I am French born and raised. Since I wasn’t raised in the United States, I did not discover pancakes until I was an exchange student (age 16) living in the Chicago area.
As a matter of fact, I didn’t even know that “brunch” was a “thing.” Let me tell you something, I took to the American breakfast/brunch like a duck to water.
I was never especially fond of toast and hot cocoa, coffee, or tea for my first meal of the day; which was the daily fare in my home. Fruit, meat, eggs, pancakes, muffins, smoothies, etc…WOW! Who knew, breakfast could be so awesome?
Breakfast heaven did exist and it was in the United States!
Buckwheat Uses in France
In France, the only uses for buckwheat that I was aware of were in savory crepe recipes, (which are called “crèpes au sarrasin” ) and specialty bread (“pain au sarrasin“); That’s it.
Buckwheat is not Wheat
Buckwheat is a misnomer since despite its name, buckwheat is in no way related to the wheat family. As a matter of fact, buckwheat isn’t even a grain; it’s a seed.
This super-seed can only be eaten after its protective hull has been removed. The hull can be recycled and is often used to make buckwheat hull pillows. They are actually very comfortable and light weight.
Buckwheat Health Benefits
Buckwheat happens to be very good for you! This little seed is a nutritional powerhouse. They provide many health benefits:
- Buckwheat is said to help in lowering your risk of high cholesterol, high blood pressure, and diabetes.
- Buckwheat is also reported to help control blood sugar, prevent gallstones, protect against breast cancer, and even childhood asthma.
- Buckwheat is reported to protect against heart disease and heart failure.
- Buckwheat contains more nutrition than fruits and vegetables.
Buckwheat Nutritional Facts
According to this data, one cup of cooked buckwheat provides:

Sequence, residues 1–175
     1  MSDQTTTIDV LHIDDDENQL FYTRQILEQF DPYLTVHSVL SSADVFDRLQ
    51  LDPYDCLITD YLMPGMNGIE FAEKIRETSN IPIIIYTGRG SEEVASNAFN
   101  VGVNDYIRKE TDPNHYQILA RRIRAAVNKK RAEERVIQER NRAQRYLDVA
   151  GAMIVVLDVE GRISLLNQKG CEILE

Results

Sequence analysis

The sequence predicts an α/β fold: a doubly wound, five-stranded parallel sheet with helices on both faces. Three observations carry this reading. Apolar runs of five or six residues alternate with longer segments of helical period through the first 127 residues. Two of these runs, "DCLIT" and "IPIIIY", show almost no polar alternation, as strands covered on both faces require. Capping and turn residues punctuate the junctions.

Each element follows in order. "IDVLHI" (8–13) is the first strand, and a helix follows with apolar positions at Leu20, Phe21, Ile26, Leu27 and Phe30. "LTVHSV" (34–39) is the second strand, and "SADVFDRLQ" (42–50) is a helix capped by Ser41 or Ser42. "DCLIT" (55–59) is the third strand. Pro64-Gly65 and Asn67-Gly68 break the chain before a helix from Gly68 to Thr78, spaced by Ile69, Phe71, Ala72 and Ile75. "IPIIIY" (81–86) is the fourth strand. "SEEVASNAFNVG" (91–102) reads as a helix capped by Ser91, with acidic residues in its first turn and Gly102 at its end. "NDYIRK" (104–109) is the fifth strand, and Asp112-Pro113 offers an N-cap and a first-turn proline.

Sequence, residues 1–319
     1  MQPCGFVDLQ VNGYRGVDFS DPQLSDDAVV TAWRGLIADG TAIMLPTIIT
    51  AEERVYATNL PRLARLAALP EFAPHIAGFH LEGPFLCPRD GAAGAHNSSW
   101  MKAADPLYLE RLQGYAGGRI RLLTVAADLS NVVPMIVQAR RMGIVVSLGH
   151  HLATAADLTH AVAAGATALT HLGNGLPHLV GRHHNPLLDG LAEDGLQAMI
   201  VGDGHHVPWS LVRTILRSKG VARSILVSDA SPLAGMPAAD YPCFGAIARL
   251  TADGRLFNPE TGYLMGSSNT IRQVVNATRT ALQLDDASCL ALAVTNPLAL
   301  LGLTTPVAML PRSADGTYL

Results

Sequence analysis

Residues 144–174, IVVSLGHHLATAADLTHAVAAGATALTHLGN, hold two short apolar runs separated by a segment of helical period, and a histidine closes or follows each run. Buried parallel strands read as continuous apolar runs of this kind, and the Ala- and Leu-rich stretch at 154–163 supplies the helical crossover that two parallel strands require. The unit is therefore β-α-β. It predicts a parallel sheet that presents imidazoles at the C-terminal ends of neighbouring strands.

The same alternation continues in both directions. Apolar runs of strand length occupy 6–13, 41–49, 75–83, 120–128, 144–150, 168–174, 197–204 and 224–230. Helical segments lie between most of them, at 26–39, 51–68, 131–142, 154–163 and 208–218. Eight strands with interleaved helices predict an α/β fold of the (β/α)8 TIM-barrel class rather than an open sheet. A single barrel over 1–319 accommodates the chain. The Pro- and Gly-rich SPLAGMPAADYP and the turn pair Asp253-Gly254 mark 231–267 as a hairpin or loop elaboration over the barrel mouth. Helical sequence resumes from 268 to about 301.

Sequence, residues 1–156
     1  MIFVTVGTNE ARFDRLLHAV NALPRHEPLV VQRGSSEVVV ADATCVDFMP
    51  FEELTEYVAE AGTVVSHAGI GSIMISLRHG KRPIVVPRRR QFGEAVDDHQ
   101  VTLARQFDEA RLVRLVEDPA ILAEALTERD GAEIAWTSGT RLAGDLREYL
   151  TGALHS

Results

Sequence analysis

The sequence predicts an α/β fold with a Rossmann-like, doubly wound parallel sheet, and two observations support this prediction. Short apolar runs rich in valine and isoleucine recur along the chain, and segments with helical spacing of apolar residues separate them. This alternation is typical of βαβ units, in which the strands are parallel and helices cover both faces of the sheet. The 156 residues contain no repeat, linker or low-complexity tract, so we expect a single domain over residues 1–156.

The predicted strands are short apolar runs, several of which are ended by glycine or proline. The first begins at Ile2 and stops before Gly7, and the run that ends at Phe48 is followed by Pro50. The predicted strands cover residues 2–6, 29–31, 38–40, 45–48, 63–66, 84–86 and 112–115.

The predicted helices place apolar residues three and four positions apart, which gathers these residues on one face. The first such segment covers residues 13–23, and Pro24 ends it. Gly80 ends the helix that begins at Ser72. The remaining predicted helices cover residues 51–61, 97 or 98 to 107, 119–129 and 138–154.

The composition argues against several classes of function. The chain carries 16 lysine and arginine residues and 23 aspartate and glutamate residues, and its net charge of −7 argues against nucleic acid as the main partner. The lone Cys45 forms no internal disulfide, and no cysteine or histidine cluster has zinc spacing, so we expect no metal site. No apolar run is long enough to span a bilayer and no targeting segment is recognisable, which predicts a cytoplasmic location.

- 155 calories
- 6 grams of protein
- 1 gram of fat
- 33 grams of carbohydrates
- 5 grams fiber
- 1.5 grams of sugar
- 86 milligrams of manganese (34%)
- 86 milligrams of magnesium (21%)
- 118 milligrams of phosphorus (12%)
- 6 milligrams of niacin (8%)
- 1 milligrams of zinc (7%)
- 34 milligrams of iron (7%)
- 0.13 milligrams of vitamin B6 (6%)
- 24 milligrams of folate (6%)
- 0.6 milligrams of pantothenic acid (6%)
Homemade Buckwheat Pancakes: Tips and Notes
You can either use buttermilk or kefir.
If you want a dairy free option, you can place one tablespoon of apple cider vinegar (or lemon) in a 1 cup measuring cup and then top with the dairy free milk of your choice. I prefer cashew milk.
I most often use coconut oil. Other great choices are olive oil or even butter.
Another wonderful dairy free option is soy-free Earth Balance.
Gluten Free Flour Mix
I like to make my own gluten free flour mixes and I have done so for many years. For this recipe, I used my homemade mix #2. You should be able to substitute a pre-made all-purpose gluten free flour mix.
You can use regular granulated sugar or a healthier alternative such as coconut sugar.
I really enjoyed the taste of these homemade buckwheat pancakes. While delicious on their own, you could modify the recipe by adding one cup of banana slices to the batter, along with one teaspoon of cinnamon powder or one cup of fresh blueberries.
Homemade Buckwheat Pancakes
In a large bowl, combine the gluten free flour mix, buckwheat flour, baking soda, sugar (if using), cinnamon (if using) or monk fruit (if using).
Add the buttermilk, eggs, oil, and stevia (if using). Mix all the ingredients until well incorporated.
Optional: gently fold in the blueberries or banana slices (if using).
Cook the pancakes in a greased pan over medium heat. My preferred method is to use a non-stick ceramic griddle.
Makes 6 buckwheat pancakes – about 3-inches in diameter.